Assessing human exposure to toxic metals and their potential health effects has recently come to the forefront of public concern with frequent stories in the media of elevated metals in many products including fish, vaccines, and toys, and in some occupational and residential environments. An ever-increasing demand for definitive answers has prompted body burden studies across the country.
Metal speciation in biomonitoring has been gaining significance because a metal’s valence state or the metallic compound frequently dictates its availability for uptake into the human body and the subsequent potential for deleterious effects.
For more than a decade, Brooks Applied Labs has been providing services for analytical method development and specialized analyses for trace metals and metal species in a variety of human tissues and fluids including:
Over the years, Brooks Applied Labs has developed a number of analytical methods to overcome the common issues and interferences normally associated with analyzing these complex matrices. The laboratory staff at Brooks Applied Labs is also fully trained in the safe handling of potentially infectious materials.
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Biomonitoring Public Projects
Brooks Applied Labs’ specialized metals analytical expertise in this area has been valuable to lawyers for litigation cases, university researchers, and non-profit organizations for public awareness campaigns. Some examples of public, non-confidential projects that Brooks Applied Labs has been involved in include:
Pollution in People Study
Brooks Applied Labs analyzed hair samples for mercury for the Washington Toxics Coalition for their “Pollution in People Study”, a look at contaminant levels in people from Washington State.
Body of Evidence Study
Brooks Applied Labs analyzed methyl mercury in hair, lead in blood, and arsenic species in urine samples from Maine residents for the Alliance for a Clean and Healthy Maine and their study “Body of Evidence: A Study of Pollution in Maine People”.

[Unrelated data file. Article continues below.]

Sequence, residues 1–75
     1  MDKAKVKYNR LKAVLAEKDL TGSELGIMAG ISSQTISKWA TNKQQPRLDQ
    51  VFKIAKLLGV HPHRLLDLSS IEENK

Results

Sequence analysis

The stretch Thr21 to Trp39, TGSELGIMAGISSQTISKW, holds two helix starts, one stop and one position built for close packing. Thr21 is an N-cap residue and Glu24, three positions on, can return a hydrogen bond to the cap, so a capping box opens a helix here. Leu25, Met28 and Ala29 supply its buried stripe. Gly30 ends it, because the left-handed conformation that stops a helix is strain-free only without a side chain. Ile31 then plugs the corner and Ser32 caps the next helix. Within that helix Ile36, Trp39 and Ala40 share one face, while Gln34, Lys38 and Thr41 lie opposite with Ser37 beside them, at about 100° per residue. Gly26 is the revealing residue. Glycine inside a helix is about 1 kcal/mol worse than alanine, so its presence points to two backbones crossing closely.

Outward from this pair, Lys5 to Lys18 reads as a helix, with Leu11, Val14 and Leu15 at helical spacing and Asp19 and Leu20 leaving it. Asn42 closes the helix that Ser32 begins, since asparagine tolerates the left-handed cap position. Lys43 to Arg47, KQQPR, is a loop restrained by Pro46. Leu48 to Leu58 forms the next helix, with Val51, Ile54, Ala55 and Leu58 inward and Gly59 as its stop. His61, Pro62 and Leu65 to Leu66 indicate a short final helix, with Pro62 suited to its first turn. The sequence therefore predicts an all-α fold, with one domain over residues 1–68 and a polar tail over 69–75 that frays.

Method Related Work
BAL also has a number of studies that have been funded internally with the goal of developing new methods and improving existing methods for the accurate and precise quantification of low-level trace metals in urine, hair, and blood samples. BAL had published and/or presented the following work related to the methods that are proposed for metals analysis in hair, urine and blood samples:
A Comparative Study of Analytical Methods for the Determination of Trace Metals in Blood using ICP-MS
The focus of this study was to determine a simple and precise technique for the analysis of multiple trace elements in whole blood.
Download the Comparative Study of Sample Dilution Techniques for the Analysis of Trace Metals in Whole Blood poster
Optimization of an Analytical Method for the Determination of Trace Levels of Cr, Ni, Fe, and V in Urine Samples Using ICP-DRC-MS
Urine samples from individuals known to be occupationally exposed to particulate metal fumes were analyzed with methods developed by Brooks Applied Labs and optimized to provide accurate and quantifiable results at low parts-per-trillion concentrations.
Download the Simultaneous Determination of Stainless Steel Components in Urine Samples Using ICP-DRC-MS poster
Determination of Methylmercury in Human Hair: A Comparison of Digestion Methods
Brooks Applied Labs Analyzed human hair samples to evaluate and compare the effectiveness of two methods of digestion for methylmercury analysis.
Download the Determination of Methylmercury in Human Hair: A Comparison of Digestion Methods Report
Brooks Applied Labs has some of the lowest detection limits commercially available to our clients. View our MDL & MRL Table.